If you encounter an unwelcome opossum on your Central Florida property, keep your distance and call Critter Control® of Orlando. Our expert team of professionals is prepared to deal with all sorts of nuisance wildlife and use eco-friendly and humane methods of removal. We also clean up any contamination left behind by the pest and install preventative safeguards that ensure critters stay away from your property.

Trikha WomanTimes
Answer # 4 #

Possums are small mammals the size of house cats. They are grey in colour but with a white face and have short legs, a pointed nose, and a long tail. Possums are expert climbers and use their flexible tails for balance and support as they climb. They are usually active at night, thanks to their excellent night vision. During the day, they spend time in hollow trees, brush piles, and spaces under structures. When threatened, possums act lifeless by lying motionless on their side (feet clenched, tongue hanging out, mouth and eyes wide open) and releasing a green secretion from their anus that smells like a rotten carcass.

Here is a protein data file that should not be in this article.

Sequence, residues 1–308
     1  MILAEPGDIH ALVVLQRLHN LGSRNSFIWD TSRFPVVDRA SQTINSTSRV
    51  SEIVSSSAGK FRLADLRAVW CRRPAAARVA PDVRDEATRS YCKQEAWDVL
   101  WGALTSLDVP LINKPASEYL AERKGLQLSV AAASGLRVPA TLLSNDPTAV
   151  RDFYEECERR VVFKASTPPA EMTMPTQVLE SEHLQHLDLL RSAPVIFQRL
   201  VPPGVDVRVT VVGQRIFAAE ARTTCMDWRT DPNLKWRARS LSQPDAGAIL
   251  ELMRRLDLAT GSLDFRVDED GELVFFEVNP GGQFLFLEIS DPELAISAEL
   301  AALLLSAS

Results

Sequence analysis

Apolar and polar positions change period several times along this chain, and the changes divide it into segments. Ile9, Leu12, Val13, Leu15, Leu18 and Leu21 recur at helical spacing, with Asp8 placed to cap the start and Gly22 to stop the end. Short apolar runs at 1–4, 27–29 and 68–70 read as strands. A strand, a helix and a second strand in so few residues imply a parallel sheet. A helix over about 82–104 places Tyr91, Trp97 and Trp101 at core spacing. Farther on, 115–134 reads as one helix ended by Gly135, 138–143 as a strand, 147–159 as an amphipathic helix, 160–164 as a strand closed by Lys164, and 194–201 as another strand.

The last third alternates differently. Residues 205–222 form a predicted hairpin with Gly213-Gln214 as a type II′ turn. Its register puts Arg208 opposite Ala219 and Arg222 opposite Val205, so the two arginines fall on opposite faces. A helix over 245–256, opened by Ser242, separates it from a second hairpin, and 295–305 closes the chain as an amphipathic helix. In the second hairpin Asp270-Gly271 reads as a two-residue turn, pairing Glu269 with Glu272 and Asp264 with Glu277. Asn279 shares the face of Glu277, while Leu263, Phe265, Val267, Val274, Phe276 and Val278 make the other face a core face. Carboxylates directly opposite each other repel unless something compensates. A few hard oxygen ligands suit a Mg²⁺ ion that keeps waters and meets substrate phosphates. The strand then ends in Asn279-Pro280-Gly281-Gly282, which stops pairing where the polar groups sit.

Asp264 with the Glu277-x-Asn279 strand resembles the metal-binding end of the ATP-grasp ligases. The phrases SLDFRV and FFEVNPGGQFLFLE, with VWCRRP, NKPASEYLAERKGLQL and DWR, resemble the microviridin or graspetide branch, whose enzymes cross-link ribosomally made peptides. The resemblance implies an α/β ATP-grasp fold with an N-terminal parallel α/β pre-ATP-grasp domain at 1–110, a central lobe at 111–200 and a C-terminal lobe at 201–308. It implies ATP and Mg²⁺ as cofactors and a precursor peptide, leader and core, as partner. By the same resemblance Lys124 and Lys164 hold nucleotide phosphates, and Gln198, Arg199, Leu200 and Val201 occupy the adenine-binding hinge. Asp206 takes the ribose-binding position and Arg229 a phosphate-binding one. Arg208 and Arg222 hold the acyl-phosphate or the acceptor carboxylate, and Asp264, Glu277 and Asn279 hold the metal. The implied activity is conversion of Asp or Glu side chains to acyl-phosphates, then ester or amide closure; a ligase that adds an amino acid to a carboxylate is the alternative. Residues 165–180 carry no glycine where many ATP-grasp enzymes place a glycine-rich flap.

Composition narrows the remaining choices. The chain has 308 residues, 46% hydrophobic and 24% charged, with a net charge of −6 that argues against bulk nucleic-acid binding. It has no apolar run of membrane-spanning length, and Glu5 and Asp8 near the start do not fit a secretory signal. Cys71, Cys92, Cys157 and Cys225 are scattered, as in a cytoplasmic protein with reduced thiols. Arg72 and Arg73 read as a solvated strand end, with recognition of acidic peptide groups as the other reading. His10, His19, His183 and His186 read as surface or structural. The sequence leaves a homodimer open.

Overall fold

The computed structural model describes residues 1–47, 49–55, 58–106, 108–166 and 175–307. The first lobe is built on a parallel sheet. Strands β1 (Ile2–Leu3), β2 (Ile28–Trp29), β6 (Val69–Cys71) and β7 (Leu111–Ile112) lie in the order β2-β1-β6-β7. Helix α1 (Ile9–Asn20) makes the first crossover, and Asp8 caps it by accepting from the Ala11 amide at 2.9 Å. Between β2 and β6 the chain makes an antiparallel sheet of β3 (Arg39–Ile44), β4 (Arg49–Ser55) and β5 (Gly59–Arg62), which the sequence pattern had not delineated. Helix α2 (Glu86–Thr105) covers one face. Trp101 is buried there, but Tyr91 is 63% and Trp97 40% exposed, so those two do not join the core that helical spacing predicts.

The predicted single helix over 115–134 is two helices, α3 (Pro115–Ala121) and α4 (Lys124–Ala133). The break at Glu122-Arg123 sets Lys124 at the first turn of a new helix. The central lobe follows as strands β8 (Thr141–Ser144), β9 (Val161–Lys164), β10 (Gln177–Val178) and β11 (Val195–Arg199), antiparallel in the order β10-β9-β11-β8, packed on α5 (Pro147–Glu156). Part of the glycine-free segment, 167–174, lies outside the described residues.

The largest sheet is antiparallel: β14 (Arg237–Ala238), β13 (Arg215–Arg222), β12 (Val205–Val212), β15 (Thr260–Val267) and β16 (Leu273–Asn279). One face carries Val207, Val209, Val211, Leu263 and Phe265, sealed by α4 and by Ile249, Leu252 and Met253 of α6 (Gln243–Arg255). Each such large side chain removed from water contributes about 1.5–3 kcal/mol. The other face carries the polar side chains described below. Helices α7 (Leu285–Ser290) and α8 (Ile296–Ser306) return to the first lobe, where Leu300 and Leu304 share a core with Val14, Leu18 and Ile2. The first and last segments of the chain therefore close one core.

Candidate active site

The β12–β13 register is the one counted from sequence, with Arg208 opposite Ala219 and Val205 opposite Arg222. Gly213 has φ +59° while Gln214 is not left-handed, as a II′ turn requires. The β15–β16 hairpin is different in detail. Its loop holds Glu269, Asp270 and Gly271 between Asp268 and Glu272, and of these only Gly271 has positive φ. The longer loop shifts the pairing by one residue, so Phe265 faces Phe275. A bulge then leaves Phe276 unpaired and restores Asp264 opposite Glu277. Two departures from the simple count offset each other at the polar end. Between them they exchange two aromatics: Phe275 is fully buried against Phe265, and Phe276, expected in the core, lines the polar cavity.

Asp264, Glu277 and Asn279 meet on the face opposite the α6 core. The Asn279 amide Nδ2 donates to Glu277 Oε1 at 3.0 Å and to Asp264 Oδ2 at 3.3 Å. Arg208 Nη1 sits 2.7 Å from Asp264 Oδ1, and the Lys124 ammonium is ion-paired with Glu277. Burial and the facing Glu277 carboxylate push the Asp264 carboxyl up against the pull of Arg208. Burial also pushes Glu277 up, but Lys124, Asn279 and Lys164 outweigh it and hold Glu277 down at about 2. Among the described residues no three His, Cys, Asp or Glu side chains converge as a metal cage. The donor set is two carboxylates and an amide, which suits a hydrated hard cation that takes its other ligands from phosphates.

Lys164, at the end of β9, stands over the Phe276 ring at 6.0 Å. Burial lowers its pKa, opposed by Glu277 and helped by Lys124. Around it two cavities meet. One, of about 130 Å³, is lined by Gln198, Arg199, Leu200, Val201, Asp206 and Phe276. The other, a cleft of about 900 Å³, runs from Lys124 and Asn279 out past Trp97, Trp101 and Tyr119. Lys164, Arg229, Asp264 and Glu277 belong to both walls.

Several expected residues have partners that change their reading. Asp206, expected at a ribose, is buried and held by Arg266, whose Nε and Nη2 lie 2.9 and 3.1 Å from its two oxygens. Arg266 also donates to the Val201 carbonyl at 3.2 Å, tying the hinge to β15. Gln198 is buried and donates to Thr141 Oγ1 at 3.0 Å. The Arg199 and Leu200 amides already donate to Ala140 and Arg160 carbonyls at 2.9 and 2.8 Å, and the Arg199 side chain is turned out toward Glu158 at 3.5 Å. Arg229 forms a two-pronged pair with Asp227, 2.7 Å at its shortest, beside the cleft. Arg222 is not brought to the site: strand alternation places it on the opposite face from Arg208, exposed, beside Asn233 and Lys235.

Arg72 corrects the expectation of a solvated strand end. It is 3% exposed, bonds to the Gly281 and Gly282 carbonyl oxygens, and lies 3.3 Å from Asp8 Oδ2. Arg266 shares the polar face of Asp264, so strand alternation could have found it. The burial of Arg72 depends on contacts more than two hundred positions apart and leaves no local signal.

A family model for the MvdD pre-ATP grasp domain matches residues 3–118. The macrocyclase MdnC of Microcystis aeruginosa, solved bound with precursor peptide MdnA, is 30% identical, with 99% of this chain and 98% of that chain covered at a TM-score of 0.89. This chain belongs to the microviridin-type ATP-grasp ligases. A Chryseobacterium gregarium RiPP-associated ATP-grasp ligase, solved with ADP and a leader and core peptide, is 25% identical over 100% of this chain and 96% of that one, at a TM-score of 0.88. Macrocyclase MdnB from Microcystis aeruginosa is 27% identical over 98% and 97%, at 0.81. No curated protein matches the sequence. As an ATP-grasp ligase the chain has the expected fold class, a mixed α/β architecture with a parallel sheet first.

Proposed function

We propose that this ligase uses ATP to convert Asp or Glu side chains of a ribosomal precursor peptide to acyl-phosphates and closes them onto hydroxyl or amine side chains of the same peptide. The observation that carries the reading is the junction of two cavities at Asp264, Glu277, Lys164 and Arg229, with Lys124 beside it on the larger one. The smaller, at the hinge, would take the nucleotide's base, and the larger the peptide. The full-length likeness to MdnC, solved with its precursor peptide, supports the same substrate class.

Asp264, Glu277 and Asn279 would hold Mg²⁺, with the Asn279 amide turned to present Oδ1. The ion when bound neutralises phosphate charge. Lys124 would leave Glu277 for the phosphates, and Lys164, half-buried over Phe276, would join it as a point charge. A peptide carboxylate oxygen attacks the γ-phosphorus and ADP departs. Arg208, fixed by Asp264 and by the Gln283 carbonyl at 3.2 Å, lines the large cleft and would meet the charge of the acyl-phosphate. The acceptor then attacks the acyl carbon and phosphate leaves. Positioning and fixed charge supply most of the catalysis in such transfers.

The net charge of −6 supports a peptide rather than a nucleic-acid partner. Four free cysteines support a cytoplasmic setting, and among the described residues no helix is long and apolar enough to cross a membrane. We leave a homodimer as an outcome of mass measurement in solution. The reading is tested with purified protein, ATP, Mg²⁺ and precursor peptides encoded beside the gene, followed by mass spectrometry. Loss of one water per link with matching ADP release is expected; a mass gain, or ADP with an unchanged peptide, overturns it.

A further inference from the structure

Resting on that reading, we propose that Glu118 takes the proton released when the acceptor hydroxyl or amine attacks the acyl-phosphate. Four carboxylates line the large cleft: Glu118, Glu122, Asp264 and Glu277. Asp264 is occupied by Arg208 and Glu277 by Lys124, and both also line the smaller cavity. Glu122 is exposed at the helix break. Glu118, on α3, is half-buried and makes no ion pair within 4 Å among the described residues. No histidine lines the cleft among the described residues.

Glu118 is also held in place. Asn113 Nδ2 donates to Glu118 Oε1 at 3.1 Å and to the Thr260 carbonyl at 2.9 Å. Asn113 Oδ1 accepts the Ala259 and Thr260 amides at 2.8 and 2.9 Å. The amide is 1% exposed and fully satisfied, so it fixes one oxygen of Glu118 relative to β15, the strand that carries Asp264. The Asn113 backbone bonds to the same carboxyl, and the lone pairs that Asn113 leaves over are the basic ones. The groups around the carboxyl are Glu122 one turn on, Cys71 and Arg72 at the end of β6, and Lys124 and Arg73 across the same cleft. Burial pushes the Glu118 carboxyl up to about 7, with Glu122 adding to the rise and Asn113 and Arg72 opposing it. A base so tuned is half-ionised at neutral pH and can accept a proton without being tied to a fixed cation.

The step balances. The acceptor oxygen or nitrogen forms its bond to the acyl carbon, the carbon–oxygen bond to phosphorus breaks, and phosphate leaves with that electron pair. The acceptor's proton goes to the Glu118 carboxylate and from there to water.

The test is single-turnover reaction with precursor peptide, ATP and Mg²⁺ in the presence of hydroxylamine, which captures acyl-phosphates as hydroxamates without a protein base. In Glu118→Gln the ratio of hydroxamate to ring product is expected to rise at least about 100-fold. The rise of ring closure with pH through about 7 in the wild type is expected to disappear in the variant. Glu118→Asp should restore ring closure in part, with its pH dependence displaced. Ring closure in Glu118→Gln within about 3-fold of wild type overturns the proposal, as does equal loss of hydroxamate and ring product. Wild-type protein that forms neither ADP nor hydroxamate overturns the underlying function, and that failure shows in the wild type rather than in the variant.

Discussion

Many people think that possums are blind, which is flat-out wrong. Possums are not blind even though they move sluggishly. They have eyes with dilated pupils that enable them to see in the dark.

Although possums are not that destructive, you should not entertain them in your home. They are still considered dangerous because they can:

The big question is, do possums get rabies and even transmit it? Any mammal can get rabies, and possums are no exception. But possums are at low risk of contracting rabies because of their low body temperature, making it hard for the rabies virus to thrive.